A month or so ago, I wandered through to the back of the flat. There was an odd noise coming from outside. I didn’t recognise it.
Two days later (my membership of Neighbourhood Watch has been rescinded) the noise was still happening. I peered out the window, and realised that one of my neighbours was running a sprinkler in their back garden. A sprinkler, I say. Attached to a hosepipe. Watering the garden. For days. I have only read about such things.
This is a Scottish summer of unprecedented heat, certainly the best summer since I was in short trousers. And I’m back in them again. I have been wearing shorts for weeks, which has turned my legs from a shade of translucent blue into a dull pink. I have been to the beach multiple times, and even paddled in the sea. The grass in Holyrood Park is brown. I have, on several occasions, left home without an emergency jacket and pair of trousers in the car boot. And I have completed several loads of washing without washing a single sock. Well, almost.
Although several of my acquaintances consider cricket to be a game which requires one only to stand around in a field, wearing white, the unpopular truth is that one does have to break into a gentle trot now and again. And breaking into a trot while wearing flip flops is positively dangerous. Ergo, cricket socks have been worn and washed.
Only last Saturday I was standing around in a field wearing white, and wearing socks, and looked over to see the opposition players huddled underneath a couple of umbrellas on the boundary. This is not an entirely unprecedented sight in Scottish cricket, except that it wasn’t raining. And the players under the umbrellas were, to a man, of Asian extraction, sheltering from the fierce Scottish sun.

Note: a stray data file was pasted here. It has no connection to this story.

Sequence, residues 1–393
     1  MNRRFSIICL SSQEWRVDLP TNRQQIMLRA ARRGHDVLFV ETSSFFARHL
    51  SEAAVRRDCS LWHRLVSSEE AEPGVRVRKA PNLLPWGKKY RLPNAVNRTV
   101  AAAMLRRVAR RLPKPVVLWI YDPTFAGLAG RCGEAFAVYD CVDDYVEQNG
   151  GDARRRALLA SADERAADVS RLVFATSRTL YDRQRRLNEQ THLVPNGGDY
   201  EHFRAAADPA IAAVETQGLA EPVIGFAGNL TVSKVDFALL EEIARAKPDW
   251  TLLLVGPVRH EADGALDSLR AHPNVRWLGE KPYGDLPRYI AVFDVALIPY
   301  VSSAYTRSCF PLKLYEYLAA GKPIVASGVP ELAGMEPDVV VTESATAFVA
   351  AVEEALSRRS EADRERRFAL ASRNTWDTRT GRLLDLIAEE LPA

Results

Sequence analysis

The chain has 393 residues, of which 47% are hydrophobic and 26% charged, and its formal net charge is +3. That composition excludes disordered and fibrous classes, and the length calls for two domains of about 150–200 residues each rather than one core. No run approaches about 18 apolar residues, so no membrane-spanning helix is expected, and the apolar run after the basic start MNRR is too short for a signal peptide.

A few days back, I walked up a brownish hillside in Holyrood Park, and found a clearing to sit down in. There were discarded bottles in the nearby bushes. Water bottles, not alcopops. Even da yoof are concerned about dehydration it seems.
Meanwhile, all the way from Russia, the World Cup has been captivating most people, especially south of the border. “It’s coming home” has been the hashtag of choice.
I feel confused. What is coming home, exactly? I thought football came home in 96. Did it go away again? Is it coming back?
Except that the tournament has been in Russia. Do they mean the World Cup’s coming home? In which case, England isn’t its home. It was made in Italy (I checked) and Germany would surely have the best claim on it being at home there.
All very confusing.
The Glamour Girls and myself watched the England semi-final at IndigoYard last night. England took an early lead from a free-kick. There was a somewhat muted response… a couple of shouts, suppressed quickly, the shouters suddenly conscious of their Englishness in a Scottish bar. But they needn’t have worried. Most of the place didn’t seem all that interested in the game, and there were no celebrations when Croatia equalised. Not even from me, although that may have been because a large man in a blue sweater walked in front of the screen at the moment in question.
Croatia went on to get stronger and stronger, and eventually scored the winner in extra time. I was saddened, although not distraught. England exiting a major tournament always brings a certain amount of relief. Although if they won something again at least it would mean we presumably wouldn’t hear quite so much about 1966. Maybe.
Now I guess football isn’t going to get a chance to come home for a while… Croatia and France aren’t such bad places to hang out for a few years mind…